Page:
In 1894 he married. Nellie B. Gustin, who predeceased him. There were no children.
Brother Johnson was raised in Saint Paul's Lodge on May 1, 1900, served as Master in 1923, and as Secretary in 1926 and 1927. He affiliated with Dorchester Lodge March 5, 1914, dimitting therefrom September 6, 1917. On September 18, 1928, he affiliated with Hesperia Lodge and served as Secretary from 1929 untll his death. He was also actively interested in the Masonic Secretaries' Association of Massachusetts, serving as its Secretary from 1937 until his passing.
In Grand Lodge he served as District Deputy Grand Master of the (South Boston) 4th District in 1927 and 1928, by appointment of Most Worshipful Frank L. Simpson. He was also Grand Representative of the Grand Lodge of Idaho near this Grand Lodge.
Brother Johnson was a member of Dorchester Royal Arch Chapter and a Past Master of Roxbury Council. He was also a member of all of the Scottish Rite Bodies in Boston. In addition to his Masonic memberships, Brother Johnson had also been active in the Independent Order of Odd Fellows for many years and was a member of their Veterans' Association.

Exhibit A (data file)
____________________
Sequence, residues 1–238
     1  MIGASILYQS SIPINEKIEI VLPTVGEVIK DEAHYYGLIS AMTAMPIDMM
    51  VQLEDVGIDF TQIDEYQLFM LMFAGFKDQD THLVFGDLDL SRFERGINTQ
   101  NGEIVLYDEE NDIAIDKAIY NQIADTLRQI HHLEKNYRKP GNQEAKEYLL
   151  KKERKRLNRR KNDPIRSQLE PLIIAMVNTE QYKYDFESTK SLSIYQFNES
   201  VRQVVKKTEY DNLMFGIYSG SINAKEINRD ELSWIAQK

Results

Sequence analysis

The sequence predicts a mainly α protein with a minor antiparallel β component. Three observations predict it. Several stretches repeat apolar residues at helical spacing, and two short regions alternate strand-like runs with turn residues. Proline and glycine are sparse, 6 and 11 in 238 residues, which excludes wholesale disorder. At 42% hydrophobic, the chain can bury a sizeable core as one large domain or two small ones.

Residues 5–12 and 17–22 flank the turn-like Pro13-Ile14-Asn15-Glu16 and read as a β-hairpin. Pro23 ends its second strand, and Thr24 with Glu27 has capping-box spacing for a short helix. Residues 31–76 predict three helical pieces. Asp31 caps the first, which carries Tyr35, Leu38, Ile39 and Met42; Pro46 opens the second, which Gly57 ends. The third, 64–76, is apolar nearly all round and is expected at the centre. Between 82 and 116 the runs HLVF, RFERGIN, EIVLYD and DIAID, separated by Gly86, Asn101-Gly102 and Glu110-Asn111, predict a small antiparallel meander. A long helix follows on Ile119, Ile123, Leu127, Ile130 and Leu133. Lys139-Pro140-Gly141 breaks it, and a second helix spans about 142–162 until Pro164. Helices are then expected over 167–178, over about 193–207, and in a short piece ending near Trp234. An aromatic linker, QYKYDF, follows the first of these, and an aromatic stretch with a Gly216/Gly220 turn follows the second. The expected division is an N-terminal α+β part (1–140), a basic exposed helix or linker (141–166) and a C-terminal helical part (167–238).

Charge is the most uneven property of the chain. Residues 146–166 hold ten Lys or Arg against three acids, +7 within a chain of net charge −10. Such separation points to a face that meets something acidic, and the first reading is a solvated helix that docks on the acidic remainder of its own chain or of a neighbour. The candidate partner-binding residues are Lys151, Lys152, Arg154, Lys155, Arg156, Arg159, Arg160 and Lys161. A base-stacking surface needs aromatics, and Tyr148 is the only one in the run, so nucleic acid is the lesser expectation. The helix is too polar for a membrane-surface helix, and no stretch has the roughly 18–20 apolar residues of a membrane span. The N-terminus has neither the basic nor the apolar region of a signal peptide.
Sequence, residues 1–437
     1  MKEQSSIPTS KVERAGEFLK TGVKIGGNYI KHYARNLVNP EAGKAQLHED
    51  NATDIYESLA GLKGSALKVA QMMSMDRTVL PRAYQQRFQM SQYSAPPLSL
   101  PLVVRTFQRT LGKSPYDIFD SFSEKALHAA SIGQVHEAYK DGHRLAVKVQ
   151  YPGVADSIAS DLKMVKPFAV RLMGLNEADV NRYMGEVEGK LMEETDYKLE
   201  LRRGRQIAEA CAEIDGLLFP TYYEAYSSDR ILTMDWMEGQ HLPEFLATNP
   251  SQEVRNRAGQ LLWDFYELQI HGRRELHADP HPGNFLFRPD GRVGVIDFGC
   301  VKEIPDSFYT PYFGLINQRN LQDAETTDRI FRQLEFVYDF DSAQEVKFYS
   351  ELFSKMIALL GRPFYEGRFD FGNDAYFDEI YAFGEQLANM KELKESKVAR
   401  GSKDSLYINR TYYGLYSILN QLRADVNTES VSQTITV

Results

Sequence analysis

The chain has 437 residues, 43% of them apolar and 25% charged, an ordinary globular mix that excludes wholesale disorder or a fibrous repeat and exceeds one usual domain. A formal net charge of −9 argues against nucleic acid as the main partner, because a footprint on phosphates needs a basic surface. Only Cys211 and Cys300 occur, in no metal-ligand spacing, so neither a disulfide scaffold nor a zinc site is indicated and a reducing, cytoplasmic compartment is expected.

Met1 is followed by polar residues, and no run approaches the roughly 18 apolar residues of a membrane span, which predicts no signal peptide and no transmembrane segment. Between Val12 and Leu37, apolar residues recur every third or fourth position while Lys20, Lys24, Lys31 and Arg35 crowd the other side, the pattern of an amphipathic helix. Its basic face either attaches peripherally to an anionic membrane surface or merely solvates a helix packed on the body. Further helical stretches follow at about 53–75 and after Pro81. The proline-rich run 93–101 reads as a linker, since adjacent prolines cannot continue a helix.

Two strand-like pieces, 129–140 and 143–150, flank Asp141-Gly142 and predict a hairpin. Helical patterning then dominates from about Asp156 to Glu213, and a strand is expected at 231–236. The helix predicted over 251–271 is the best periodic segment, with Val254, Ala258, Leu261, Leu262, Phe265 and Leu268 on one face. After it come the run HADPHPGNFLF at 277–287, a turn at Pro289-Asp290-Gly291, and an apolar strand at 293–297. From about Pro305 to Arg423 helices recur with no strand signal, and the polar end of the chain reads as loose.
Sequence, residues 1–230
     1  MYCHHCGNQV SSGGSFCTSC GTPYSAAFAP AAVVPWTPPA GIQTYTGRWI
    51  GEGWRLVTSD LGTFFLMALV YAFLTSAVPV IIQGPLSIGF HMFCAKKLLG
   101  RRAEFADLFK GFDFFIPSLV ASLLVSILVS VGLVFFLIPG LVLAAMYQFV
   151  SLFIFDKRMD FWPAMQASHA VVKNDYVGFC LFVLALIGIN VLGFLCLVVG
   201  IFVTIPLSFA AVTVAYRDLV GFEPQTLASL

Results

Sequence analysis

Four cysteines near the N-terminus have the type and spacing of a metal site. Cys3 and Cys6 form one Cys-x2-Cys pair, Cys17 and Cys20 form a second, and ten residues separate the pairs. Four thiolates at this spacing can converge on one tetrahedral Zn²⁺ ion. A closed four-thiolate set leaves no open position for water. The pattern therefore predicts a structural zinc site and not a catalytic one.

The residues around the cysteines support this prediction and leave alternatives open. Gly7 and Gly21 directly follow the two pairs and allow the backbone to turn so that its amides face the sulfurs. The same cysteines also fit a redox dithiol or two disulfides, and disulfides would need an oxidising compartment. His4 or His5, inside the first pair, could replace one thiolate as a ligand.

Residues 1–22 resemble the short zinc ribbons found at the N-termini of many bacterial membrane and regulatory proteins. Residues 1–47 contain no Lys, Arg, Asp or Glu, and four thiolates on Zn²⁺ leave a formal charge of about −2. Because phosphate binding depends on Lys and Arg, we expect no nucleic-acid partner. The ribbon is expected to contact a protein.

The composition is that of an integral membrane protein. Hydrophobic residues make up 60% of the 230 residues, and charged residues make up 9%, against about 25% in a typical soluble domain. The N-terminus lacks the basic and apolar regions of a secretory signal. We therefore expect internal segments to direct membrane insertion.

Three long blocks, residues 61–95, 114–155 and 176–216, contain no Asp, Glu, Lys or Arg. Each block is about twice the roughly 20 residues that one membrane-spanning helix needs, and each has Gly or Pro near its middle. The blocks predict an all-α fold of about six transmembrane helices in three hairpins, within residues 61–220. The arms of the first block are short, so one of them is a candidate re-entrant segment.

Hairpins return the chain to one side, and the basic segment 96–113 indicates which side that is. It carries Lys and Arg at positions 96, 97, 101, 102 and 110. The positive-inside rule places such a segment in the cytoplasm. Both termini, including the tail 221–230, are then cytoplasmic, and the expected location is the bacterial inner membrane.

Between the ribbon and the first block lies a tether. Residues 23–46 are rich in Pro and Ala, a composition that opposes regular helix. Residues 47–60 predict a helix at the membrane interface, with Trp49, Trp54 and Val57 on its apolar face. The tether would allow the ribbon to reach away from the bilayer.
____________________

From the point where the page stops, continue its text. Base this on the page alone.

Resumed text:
Brother Johnson's health had been failing for the past two years and his death, though deeply regretted, was not unexpected by his many friends.
JOHNSON, WILLIAM SHAW 1867-1945
From Proceedings, Page 1945-265:
Brother Johnson was born in Ludlow, Vermont, on December 19, 1867, and died at his home in Franklin, Massachusetts, on August 25, 1945.
He attended the public schools of Ludlow and Black River Academy. At the age of twenty, he moved to Franklin, Massachusetts, and entered the employ of the Snow-Bassett Company as an accountant, in which line of work he continued until 1898, when he entered the insurance business, which profession he followed until his death.